With 9 months left on the clock before I have to submit, it’s time for the bakingbiologist to start writing. Given I haven’t exactly finished lab work this is a slightly terrifying prospect, but two weeks ago I took to it with gusto on the instruction of my supervisor. It turns out that ‘You should start writing’ is actually supervisor-speak for “We should have a meeting about how one writes a thesis and what I expect from you” and cheerfully producing a first draft of Chapter 1 is liable to lead to cross words rather than exclamations of joy, but more on that another time.
This week’s most valuable lesson is: Before you start writing a thesis, write a thesis plan! For one thing, it allows you to defend your structural choices and talk about figures before you’ve put in two weeks of solid work, and when you’re not feeling protective about the work because you haven’t already done it. Continue reading
Before we start, you need to read this: Partly because my punch line is going to hang on you being familiar with the metaphor, and partly because if you’re here, then basically you need it in your life.
It would be safe to say that my PhD has not been plain sailing. I’m not sure that anybody’s doctorate actually goes smoothly and pleasantly at all times, but I genuinely believe that – as the lovely Jenny Rohn from LabLit.com said yesterday – if you can survive this then you can survive anything. So how do you? Survive, I mean. I’ve talked about making your PhD easier by being organised from the start, and finding a support network and by not letting yourself get dragged down. But what about when you’re completely at rock bottom? What about when it’s time to do or die?
So this is going to be more like a lab book entry than anything else, but I’m finally starting to get my head around some of this protein malarkey and figured I should write it down in multiple places! Continue reading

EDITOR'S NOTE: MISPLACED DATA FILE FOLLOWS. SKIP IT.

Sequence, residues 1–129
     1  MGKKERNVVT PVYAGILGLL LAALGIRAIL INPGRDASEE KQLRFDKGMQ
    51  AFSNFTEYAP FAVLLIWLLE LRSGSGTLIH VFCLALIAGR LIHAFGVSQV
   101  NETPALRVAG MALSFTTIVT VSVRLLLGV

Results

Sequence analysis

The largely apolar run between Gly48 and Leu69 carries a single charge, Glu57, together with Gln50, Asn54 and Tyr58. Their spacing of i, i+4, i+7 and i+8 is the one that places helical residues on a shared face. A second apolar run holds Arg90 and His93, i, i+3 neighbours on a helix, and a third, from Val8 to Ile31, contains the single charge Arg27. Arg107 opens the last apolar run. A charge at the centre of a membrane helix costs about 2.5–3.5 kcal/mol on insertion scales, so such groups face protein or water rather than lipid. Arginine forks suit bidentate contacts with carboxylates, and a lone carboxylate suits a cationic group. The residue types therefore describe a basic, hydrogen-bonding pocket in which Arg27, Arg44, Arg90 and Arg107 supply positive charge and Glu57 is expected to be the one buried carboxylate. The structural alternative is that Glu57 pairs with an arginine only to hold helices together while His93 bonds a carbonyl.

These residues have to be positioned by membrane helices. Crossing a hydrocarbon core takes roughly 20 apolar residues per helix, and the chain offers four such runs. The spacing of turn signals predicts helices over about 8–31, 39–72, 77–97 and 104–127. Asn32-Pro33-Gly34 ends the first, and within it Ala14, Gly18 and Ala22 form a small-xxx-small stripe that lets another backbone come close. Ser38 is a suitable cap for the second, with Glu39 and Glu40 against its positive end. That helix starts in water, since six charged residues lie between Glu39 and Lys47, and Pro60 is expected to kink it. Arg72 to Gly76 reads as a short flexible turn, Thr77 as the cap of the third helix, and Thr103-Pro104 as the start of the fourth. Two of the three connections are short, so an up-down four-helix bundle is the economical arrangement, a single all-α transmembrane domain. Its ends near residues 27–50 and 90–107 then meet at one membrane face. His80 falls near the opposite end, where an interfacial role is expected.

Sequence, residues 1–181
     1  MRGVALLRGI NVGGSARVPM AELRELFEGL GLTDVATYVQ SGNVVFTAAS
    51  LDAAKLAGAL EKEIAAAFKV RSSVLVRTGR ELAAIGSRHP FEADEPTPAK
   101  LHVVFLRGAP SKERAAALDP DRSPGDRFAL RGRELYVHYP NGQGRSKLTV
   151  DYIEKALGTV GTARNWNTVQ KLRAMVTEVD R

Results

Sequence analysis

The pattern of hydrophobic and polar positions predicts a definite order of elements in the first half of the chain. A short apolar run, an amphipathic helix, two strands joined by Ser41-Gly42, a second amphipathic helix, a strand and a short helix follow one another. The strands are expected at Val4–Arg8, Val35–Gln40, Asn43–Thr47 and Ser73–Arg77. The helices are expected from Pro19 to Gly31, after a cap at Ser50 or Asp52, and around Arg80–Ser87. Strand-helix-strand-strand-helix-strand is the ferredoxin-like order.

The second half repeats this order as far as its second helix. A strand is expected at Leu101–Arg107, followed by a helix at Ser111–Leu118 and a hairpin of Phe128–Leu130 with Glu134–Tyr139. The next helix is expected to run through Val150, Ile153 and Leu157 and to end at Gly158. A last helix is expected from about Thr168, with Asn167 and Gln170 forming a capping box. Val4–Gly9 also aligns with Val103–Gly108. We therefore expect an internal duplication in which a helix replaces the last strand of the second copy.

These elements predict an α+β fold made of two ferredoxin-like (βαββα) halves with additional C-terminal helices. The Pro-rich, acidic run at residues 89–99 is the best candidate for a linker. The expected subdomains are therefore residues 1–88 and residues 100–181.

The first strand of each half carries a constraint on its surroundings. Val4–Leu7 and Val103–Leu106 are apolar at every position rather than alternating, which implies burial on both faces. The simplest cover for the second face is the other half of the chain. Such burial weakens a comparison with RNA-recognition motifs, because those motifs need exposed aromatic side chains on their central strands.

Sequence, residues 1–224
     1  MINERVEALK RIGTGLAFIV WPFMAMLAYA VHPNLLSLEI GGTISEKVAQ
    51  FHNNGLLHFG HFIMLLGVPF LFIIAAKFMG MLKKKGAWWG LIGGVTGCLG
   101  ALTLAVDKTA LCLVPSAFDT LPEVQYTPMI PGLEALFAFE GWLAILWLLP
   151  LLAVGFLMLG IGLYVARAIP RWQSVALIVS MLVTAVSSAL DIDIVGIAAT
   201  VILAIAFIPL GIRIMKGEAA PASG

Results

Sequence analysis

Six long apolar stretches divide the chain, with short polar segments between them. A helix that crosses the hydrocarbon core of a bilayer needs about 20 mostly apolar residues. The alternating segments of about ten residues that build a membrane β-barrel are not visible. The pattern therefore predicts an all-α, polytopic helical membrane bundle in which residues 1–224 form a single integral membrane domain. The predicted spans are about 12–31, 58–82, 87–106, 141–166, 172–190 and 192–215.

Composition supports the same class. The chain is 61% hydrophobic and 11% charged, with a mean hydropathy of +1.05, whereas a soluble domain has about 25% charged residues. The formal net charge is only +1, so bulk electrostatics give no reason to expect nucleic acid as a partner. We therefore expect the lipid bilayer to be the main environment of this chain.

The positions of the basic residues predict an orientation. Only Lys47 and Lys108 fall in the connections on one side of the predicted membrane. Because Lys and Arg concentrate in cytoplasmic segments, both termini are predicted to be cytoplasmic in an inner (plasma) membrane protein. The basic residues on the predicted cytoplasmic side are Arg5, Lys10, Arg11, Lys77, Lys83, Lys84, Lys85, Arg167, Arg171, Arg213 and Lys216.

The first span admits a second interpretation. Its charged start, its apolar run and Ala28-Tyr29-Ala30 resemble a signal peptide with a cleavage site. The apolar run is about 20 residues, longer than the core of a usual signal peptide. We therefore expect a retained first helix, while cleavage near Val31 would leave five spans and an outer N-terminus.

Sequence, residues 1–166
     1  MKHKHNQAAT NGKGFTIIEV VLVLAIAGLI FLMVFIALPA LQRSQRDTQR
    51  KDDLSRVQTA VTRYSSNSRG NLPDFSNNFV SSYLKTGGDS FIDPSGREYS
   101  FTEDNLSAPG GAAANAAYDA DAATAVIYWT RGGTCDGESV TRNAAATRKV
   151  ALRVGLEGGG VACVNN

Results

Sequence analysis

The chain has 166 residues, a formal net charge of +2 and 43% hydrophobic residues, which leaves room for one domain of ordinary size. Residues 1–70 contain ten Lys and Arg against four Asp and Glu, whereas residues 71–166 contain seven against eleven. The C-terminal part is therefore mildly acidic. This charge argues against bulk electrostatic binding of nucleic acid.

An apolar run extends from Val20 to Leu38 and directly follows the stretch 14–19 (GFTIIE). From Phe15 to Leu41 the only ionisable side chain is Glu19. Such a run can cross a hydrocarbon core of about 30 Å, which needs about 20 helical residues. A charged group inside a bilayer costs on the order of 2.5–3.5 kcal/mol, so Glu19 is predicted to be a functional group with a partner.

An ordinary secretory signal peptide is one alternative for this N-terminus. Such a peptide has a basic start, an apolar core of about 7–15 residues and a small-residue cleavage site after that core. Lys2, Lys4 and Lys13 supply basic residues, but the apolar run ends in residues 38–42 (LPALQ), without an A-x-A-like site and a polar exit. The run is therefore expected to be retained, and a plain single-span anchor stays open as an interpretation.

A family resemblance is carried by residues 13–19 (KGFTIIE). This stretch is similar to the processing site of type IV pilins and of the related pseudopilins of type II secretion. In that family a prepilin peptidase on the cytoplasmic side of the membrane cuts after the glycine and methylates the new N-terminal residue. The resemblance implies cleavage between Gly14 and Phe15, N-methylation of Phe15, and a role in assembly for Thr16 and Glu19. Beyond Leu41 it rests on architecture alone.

Posted in Biology, In the lab, Protein, Science
Tagged biology, chemicals, Everyday lab, grad school, in the lab, protein, proteomics, ramen, science.
I’m not a protein biologist.
I wouldn’t usually describe myself as a geneticist either, unless trying to clarify what it is that I spend my time doing, in the same way that for years I would describe myself as playing the violin rather than as a violinist, because that seemed to indicate some level of skill that I didn’t feel I yet had.
But I’m definitely not a protein biologist, because I did no protein work as an undergrad, and I didn’t sign up to do a protein based PhD, and there’s only one post doc in the lab who has the first clue about proteins and – while she is possibly the most helpful post doc ever to cross my academic path – there’s only so much help someone can give you when you don’t know what questions to ask.
Yet in spite of this, I appear to be in a situation where doing protein work is inevitable. A few months ago I learned about PAGE gels and Coomassie blue staining and Western blots. Now, I must actually start extracting protein from real live plants, as opposed to my nice-n-easy-burst-like-a-bubble-E. coli. It turns out that this is rather more complicated than I had hoped. Continue reading
Posted in Biology, Grad school, Protein, Science
Tagged biology, chemicals, Everyday lab, grad school, in the lab, protein, proteomics, ramen, science
After a week off with flu, there’s just no avoiding it. Today I have to get back in the lab and do my first ever protein extractions from a plant. I have a protocol, that I am assured works, and no reason to suspect it doesn’t. And I have been sat here for 54 minutes doing admin instead of even going to the greenhouse to get my plants. Looks like the stage fright is back. Le sigh….
When I started Grad School, two of my best undergraduate friends and plenty of acquaintances were already at the end of their first years of a PhD. I think just about everyone from my circle of friends who went directly to PhD without going via a Masters stayed at our alma mater (which, I suppose makes sense: somebody who already knows you and your work is more likely to take a chance on you, and somebody who has already found a lab they want to work in is more likely to take time out of studying for finals to apply). Continue reading
When I was in my teens, the thing that I loved more about science was the opportunity to learn something new every day. I loved that what I thought I knew was never exactly true, and hated it at the same time. I wanted to know what we’d be told in our GCSE classes, or our A-level classes, or our undergraduate lectures long before I was old enough for it to be on the syllabus. I had this idea that if I kept studying science for long enough, eventually it would make sense.
It will never make sense. Continue reading
Posted in Biology, Genetics, Grad school, In the lab, Science
Tagged biology, conference, data, depression, FAIL, grad school, in the lab, poster, qPCR, ramen, science, valley of shit